The Requestor proposed to pay cost-sharing obligations of Study subjects, including Medicare beneficiaries, directly to the institutions to which the subjects would otherwise owe payment. In the absence of the assistance provided by the Requestor, each Medicare beneficiary enrolled in the Study would incur more than $1,300 in cost-sharing obligations for the treatment and several follow-up appointments.

Under the proposed arrangement, Requestor would pay these cost-sharing obligations for beneficiaries in order to (i) reduce financial barriers to enrollment in the Study and reduce attrition of subjects during the two-year course of the Study, (ii) facilitate socioeconomic diversity of Study subjects, and (iii) preserve blinding of subjects. As a result of the subsidies, Medicare beneficiaries would incur no out-of-pocket expenses relating to their participation in the Study other than meeting any unmet Part B deductible amounts.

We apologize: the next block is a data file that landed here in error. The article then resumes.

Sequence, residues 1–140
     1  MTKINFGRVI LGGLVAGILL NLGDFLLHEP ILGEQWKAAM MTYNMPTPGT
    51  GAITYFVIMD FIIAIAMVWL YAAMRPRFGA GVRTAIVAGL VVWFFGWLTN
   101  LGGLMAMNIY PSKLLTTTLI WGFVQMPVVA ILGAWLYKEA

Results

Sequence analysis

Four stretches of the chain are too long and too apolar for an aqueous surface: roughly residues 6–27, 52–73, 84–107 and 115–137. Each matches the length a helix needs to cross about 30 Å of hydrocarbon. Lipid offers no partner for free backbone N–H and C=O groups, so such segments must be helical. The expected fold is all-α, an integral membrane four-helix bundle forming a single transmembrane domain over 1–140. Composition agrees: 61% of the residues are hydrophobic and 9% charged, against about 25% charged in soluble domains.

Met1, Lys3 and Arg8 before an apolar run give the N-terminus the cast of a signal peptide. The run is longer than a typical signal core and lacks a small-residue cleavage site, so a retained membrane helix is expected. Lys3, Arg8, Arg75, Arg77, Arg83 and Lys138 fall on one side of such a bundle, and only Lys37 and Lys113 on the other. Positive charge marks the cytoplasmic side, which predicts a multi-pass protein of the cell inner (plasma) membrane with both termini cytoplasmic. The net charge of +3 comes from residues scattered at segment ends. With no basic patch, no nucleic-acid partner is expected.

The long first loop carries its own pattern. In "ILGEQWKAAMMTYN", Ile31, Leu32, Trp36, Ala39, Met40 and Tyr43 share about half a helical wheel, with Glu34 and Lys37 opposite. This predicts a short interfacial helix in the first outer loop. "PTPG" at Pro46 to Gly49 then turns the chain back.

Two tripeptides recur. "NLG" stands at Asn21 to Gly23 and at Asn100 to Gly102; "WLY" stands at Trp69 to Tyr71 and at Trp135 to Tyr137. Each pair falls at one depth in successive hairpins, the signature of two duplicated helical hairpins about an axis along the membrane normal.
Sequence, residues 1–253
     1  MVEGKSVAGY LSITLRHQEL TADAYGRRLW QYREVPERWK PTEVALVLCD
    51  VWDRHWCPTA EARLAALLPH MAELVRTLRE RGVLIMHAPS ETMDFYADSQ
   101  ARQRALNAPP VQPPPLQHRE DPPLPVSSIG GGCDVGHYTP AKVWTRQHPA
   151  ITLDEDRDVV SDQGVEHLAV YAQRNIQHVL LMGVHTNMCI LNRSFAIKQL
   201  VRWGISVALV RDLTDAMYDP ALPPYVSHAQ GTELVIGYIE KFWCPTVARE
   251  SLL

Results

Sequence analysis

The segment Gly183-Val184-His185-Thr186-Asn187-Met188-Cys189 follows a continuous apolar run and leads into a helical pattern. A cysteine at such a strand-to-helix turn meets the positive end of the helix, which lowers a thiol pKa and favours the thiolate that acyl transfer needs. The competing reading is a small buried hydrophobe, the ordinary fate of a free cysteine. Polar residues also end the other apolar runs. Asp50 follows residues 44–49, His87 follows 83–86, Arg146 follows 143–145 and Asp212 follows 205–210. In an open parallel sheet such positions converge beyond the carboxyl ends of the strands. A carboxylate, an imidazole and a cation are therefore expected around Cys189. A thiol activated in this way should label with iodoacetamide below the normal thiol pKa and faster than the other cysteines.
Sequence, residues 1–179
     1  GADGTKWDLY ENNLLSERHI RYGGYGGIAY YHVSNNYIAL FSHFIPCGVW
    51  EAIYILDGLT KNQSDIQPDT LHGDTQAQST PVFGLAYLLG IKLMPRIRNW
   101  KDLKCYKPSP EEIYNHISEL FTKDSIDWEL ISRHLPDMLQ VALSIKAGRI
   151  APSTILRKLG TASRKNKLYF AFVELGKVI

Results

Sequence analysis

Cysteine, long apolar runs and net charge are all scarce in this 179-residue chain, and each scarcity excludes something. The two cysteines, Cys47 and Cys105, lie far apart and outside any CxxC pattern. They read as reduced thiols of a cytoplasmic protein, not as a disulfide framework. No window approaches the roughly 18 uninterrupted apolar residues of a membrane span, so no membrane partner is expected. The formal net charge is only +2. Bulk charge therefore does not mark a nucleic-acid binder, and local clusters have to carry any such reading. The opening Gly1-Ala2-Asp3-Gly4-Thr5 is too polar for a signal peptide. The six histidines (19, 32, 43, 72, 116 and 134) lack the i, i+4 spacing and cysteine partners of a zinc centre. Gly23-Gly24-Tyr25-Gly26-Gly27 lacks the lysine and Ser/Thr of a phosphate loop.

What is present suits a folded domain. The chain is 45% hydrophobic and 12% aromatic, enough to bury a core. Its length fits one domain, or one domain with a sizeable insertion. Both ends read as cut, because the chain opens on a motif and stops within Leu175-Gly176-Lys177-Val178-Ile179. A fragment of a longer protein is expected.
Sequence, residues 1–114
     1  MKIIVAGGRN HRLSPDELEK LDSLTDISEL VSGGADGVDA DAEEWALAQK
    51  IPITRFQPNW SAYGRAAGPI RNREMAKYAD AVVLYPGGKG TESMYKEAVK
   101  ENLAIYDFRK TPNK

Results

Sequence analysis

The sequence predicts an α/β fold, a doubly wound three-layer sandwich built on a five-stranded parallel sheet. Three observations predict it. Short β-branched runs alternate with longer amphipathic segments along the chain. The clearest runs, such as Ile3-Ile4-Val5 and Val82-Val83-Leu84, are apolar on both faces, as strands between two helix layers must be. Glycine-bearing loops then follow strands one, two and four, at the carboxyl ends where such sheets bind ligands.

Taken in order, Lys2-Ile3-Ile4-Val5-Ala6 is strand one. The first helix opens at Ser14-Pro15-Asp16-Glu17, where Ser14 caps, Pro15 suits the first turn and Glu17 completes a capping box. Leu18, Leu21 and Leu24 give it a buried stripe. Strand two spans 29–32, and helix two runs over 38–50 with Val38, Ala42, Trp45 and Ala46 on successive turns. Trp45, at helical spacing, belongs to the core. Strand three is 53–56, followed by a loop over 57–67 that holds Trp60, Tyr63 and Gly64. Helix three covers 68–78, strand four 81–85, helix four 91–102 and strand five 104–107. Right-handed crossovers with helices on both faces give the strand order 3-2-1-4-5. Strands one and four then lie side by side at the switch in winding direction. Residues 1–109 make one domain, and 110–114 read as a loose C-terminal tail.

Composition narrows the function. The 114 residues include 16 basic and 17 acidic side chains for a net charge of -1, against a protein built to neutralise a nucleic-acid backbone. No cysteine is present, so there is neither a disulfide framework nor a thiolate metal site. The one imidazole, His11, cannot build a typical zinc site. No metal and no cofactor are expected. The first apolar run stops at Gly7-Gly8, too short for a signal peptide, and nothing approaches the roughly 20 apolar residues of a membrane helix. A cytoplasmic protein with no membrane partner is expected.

The Requestor certified that neither it nor its investigators would advertise the availability of cost-sharing subsidies to prospective subjects. Instead, information about the subsidies would be included in the informed consent documents provided to each subject.

The Agency’s Analysis